Introduction to Knowledge Translation at CIHR Ian D Graham PhD by gjjur4356

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									        Health Research
         with an Impact

           Ian D Graham PhD
   Vice President, Knowledge Translation
            and Public Outreach
   Canadian Institutes of Health Research

New Brunswick Health Research Foundation
 Official Launch and 1st Annual Conference
              October 4th 2009
                                Health Research
                                  with an Impact

•   Doesn’t all health research have an impact?
•   Knowledge Translation as a mechanism for impact
•   Commonalities in our approaches to health research
•   KT infrastructure for achieving impact
                      Doesn’t all health research
                                have an impact?
• Consistent evidence of failure to translate research
  findings into clinical practice
   • 30-45% patients do not get treatments of proven
     effectiveness
   • 20–25% patients get care that is not needed or
     potentially harmful
    (McGlynn et al, 2003; Grol R, 2001; Schuster, McGlynn, Brook, 1998;)
• Cancer outcomes could be improved by 30% with
  optimum application of what is currently known
• 10% reduction in cancer mortality with widespread use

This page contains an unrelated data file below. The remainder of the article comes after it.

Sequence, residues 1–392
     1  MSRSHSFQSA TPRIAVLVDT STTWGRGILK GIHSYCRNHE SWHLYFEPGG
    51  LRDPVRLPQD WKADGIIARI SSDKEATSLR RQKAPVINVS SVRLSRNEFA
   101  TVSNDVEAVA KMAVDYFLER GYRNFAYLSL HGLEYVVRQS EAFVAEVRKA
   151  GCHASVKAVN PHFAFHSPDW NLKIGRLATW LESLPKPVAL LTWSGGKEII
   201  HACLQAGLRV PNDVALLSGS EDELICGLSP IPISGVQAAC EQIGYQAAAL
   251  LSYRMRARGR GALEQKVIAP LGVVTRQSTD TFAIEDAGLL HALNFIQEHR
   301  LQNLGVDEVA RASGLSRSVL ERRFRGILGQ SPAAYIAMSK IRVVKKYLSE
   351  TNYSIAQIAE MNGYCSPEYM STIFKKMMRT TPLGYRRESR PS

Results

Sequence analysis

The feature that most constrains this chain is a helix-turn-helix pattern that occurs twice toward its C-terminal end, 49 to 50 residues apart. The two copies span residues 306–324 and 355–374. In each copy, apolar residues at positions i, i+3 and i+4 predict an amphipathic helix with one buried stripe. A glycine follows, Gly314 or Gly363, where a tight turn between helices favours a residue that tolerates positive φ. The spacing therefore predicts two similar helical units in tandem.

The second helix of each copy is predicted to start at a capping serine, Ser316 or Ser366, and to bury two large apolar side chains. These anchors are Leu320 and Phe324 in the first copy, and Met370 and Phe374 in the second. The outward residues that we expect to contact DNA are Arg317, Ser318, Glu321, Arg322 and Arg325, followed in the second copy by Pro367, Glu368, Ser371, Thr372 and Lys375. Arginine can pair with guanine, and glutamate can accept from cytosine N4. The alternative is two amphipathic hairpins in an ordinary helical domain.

of available therapies
   (CSCC 2001; Ford et al, 1990)
Knowledge Translation as a mechanism
              for impact
Knowledge Translation is part of our
            mandate
                 Context: CIHR Mandate
(4h) promoting the dissemination of knowledge and
     the application of health research to improve the
     health of Canadians
(4i) encouraging innovation, facilitating the
     commercialization of health research in Canada and
     promoting economic development through health
     research
(5f) communicate with the public, governments, the
     Canadian and international communities, voluntary
     organizations and the private sector on issues
     pertaining to health or health research
           Knowledge Translation is the bridge
               between discovery and impact


             (KT research and practice)



Research
outputs                                   Research impacts




     It’s is about making a difference
        What is Knowledge Translation?

KT is a dynamic and iterative process that includes
synthesis, dissemination, exchange and ethically
sound application of knowledge to improve the
health of Canadians, provide more effective health
services and products and strengthen the health
care system.
This process takes place within a complex system of
interactions between researchers and knowledge users which
may vary in intensity, complexity and level of engagement